ReFiG:  Refiguring Innovation in Games (ReFiG) is a 5 year project supported by the Social Sciences and Humanities Research Council of Canada. More information.

PSedit

Notes for the day – DC
Representation – aka – is this any way to work? 

For me, representation in games is a way to talk about discourses of identity and power. It is not about saying ‘what games mean’ (though it does involve talking about meaning). Because it draws from media and cultural studies theory, it is not about making claims about the designers intentions, nor is it about predicting what games will mean to different players – although it might mean analysing the ‘ideal player’ or the player implied by a game. It is a way to write about one embodied act of interpretation (mine!) and to call out the ways that games – like other forms of popular culture – reflect the culture they emerge from, and it is a way to articulate aspects of my lived experience.

Recently I’ve been focusing on representations of ability and disability, and I’m working at the moment to expend this into forms of audience studies, and find ways to be more explicit about intersectionality – but I have issues and significant reservations that I’m still trying to address that relate to academic practice and the co-opting of experience that I associate with social methods (even ‘participatory’ methods), particular the co-opting of ‘marginal’ experiences for repurposing within a mainstream context (such as academia). I guess what I think about that, is that in circumstances where it changes the ways in which the topic is framed, then it feels valid. For example, my work on disability in games is a chance to intervene in the naturalized, dominant discourses that surround disability in mainstream culture – including the assumption that as a deaf person I am a person that needs to be fixed. In circumstances where an output empowers the researcher, while leaving the framing of the debate itself unchanged, then I might have questions.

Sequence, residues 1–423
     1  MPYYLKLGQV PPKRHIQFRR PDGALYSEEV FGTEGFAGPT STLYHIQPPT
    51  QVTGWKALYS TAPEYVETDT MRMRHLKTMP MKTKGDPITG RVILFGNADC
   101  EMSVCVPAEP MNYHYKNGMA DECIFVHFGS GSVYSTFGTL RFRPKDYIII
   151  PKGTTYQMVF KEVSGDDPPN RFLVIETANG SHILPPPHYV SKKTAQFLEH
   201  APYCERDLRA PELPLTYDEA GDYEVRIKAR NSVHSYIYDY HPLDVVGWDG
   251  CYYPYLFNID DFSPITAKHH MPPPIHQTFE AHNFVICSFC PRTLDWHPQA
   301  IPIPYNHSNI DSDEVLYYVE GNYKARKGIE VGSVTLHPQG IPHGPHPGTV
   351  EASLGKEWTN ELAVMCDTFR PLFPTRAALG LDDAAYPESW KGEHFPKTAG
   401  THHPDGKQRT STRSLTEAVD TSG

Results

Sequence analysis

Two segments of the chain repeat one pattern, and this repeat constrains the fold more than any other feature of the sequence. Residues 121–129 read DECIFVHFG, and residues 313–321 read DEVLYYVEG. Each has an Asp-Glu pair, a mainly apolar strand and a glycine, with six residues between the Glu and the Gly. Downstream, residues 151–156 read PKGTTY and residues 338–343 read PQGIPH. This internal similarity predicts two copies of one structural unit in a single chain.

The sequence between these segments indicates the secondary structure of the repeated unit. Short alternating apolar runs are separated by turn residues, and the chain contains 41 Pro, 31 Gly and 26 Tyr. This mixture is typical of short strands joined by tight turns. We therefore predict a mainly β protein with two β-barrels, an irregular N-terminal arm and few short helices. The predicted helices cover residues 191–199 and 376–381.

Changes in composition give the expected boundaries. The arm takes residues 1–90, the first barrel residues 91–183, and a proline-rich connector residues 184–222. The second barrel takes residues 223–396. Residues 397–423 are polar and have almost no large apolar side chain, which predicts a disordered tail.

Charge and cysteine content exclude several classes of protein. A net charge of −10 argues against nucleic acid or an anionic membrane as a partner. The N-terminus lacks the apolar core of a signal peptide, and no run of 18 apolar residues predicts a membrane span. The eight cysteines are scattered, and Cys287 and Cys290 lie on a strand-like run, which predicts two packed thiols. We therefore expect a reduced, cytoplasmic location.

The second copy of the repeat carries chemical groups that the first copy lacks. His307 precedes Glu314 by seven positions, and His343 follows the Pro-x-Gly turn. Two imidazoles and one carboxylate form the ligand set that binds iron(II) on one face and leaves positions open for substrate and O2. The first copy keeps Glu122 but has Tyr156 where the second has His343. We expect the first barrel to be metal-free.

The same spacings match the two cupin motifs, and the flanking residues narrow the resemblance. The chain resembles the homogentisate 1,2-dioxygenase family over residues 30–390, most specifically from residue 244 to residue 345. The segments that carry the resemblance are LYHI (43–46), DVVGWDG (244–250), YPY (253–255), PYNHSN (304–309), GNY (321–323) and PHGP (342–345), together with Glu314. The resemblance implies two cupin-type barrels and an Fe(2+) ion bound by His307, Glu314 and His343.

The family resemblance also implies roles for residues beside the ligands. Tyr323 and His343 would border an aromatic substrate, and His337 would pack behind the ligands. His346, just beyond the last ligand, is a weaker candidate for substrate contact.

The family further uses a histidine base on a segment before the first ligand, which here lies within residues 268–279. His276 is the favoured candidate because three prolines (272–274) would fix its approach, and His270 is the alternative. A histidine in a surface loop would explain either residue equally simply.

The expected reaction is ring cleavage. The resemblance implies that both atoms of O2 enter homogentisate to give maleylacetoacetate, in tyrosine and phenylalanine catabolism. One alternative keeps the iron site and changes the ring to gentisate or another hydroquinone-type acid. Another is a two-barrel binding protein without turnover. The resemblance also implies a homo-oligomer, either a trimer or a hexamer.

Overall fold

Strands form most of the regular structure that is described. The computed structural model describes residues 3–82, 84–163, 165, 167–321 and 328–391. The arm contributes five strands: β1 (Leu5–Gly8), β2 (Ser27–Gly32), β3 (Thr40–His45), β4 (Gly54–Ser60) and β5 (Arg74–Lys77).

Based on that – some of the questions or problems that I’d suggest for the ‘representation in games’ panel might be:

Shields up! Again. Still.
Do we really have to keep re-iterating the stuff that is really, really long and well established in media studies, i.e. that texts do not determine meanings, that meanings are not fixed, and that audiences (players, in this case) have agency and will make interpretations that are shaped by context, identity and affiliation?

On being clearly labelled.
Yes – feminist, obviously. If you can’t tell, is that your problem or mine?

Crimes of omission
If I don’t write about everything and everyone, every time, is that OK?

Fatal flaws
15 years ago people using media/literary/film/screen theory to talk about games were taken to one side at conferences and cautioned. Or repeatedly reminded to ‘remember the player’. Or denounced as disciplinary colonizers. Has anything changed? Can we be trusted?